Amos Yee, accused of insulting the island’s late leader and religious groups, was jailed for weeks in 2015 and 2016.
A Singaporean teenage blogger who was jailed twice for his online posts insulting his government was granted asylum to remain in the United States, an immigration judge in Chicago ruled.
Amos Yee was jailed in 2015 for four weeks for hurting the religious feelings of Christians and posting an obscene image as part of his attacks on the island’s late leader Lee Kuan Yew - whose son Lee Hsien Loong is now the prime minister.
He was jailed again in 2016 for six weeks for insulting Muslims and Christians in a series of videos posted online, but critics claim the real reason was to silence him.
Judge Samuel Cole issued a 13-page decision on Friday, more than two weeks after Yee’s closed-door hearing on the asylum application.
"Yee has met his burden of showing that he suffered past persecution on account of his political opinion and has a well-founded fear of future persecution in Singapore," Cole wrote.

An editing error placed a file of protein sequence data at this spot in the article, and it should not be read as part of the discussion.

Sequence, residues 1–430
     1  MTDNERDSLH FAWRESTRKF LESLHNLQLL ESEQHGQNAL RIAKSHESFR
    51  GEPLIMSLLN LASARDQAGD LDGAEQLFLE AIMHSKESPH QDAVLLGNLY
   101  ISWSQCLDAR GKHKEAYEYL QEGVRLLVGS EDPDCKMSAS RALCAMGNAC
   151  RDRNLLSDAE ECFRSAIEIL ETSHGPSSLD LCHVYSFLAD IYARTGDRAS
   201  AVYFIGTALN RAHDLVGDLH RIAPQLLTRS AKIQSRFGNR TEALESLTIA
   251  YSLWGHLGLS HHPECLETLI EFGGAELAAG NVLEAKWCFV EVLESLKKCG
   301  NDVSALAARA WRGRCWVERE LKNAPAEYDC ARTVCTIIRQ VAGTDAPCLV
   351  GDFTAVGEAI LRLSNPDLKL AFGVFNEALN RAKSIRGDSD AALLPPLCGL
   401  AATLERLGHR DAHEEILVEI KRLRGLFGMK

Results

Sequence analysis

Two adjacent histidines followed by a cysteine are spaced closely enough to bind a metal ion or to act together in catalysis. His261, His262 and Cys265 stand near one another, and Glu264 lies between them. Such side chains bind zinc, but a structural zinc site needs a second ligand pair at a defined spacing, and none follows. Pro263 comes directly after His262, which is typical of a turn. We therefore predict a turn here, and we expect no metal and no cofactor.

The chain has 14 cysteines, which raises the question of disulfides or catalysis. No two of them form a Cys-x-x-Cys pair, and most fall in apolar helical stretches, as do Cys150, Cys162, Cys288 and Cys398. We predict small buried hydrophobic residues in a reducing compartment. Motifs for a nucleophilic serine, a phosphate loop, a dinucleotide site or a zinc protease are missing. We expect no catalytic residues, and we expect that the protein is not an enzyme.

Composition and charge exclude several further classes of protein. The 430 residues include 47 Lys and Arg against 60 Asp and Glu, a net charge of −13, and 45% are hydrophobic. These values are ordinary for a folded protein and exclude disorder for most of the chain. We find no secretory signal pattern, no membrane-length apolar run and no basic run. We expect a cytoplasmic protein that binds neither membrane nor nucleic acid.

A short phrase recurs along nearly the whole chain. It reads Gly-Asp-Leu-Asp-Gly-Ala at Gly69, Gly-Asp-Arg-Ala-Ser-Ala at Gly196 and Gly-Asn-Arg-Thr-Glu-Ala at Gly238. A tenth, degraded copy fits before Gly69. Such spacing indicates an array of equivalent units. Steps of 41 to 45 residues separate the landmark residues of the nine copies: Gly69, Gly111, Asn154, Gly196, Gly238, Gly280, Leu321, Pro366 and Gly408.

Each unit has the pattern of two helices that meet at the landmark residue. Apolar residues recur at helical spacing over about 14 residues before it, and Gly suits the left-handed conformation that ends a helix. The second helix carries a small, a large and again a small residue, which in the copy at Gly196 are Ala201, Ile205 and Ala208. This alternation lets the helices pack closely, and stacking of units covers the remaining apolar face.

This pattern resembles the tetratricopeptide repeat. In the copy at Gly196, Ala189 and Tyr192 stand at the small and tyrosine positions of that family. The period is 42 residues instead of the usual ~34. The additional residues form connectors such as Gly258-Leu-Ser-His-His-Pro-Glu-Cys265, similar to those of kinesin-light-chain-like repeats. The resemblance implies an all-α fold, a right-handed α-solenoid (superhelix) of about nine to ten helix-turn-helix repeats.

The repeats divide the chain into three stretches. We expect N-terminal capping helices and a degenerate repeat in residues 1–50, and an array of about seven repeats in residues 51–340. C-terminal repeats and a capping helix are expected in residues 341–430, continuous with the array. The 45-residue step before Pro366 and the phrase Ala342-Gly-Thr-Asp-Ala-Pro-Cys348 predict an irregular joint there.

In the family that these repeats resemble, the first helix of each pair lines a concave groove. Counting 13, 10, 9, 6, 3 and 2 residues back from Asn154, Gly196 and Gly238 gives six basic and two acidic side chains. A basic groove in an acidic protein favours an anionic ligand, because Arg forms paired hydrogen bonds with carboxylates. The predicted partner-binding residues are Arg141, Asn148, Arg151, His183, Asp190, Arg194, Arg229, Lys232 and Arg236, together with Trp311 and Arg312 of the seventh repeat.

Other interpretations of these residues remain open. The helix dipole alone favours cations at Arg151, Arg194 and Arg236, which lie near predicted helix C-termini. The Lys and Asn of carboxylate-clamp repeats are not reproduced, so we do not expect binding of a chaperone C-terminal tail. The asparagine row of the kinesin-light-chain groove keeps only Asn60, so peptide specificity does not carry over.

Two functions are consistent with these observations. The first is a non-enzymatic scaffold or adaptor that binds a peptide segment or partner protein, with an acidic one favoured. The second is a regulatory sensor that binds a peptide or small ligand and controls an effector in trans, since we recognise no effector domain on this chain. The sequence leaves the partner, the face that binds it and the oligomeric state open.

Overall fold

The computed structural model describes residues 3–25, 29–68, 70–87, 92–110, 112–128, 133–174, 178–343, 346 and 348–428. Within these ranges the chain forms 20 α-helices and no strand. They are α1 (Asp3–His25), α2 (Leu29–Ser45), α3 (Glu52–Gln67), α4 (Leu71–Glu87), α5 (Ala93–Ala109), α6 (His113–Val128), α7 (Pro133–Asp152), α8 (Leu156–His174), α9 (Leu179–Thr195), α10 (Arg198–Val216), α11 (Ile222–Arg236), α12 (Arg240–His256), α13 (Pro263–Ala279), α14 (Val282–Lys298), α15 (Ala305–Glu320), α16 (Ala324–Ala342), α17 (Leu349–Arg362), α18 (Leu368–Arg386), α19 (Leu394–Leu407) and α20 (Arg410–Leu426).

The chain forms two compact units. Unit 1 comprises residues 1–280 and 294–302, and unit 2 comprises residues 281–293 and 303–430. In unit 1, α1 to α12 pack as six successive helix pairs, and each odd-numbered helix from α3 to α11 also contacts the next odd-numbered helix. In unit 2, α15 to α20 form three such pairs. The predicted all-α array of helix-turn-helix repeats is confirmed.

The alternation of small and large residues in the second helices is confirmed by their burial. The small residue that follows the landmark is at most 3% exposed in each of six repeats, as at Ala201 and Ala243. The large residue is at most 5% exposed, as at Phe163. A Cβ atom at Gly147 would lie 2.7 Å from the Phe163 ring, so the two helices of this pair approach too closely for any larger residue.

Cole said testimony during Yee’s hearing showed that while the Singapore government’s stated reason for punishing him involved religion, "its real purpose was to stifle Yee’s political speech".
He said Yee’s prison sentence was "unusually long and harsh" especially for his age.
Department of Homeland Security attorneys had opposed the asylum bid, saying Yee’s case didn’t qualify as persecution based on political beliefs.
It was unclear whether they would appeal the decision or if Yee would have to remain imprisoned if they did. Attorneys have 30 days to appeal.
Singapore, an island republic of 5.6 million which has long been been criticised for strict controls on dissent, takes pride in its racial and social cohesion, which it regards as essential for stability in a volatile region.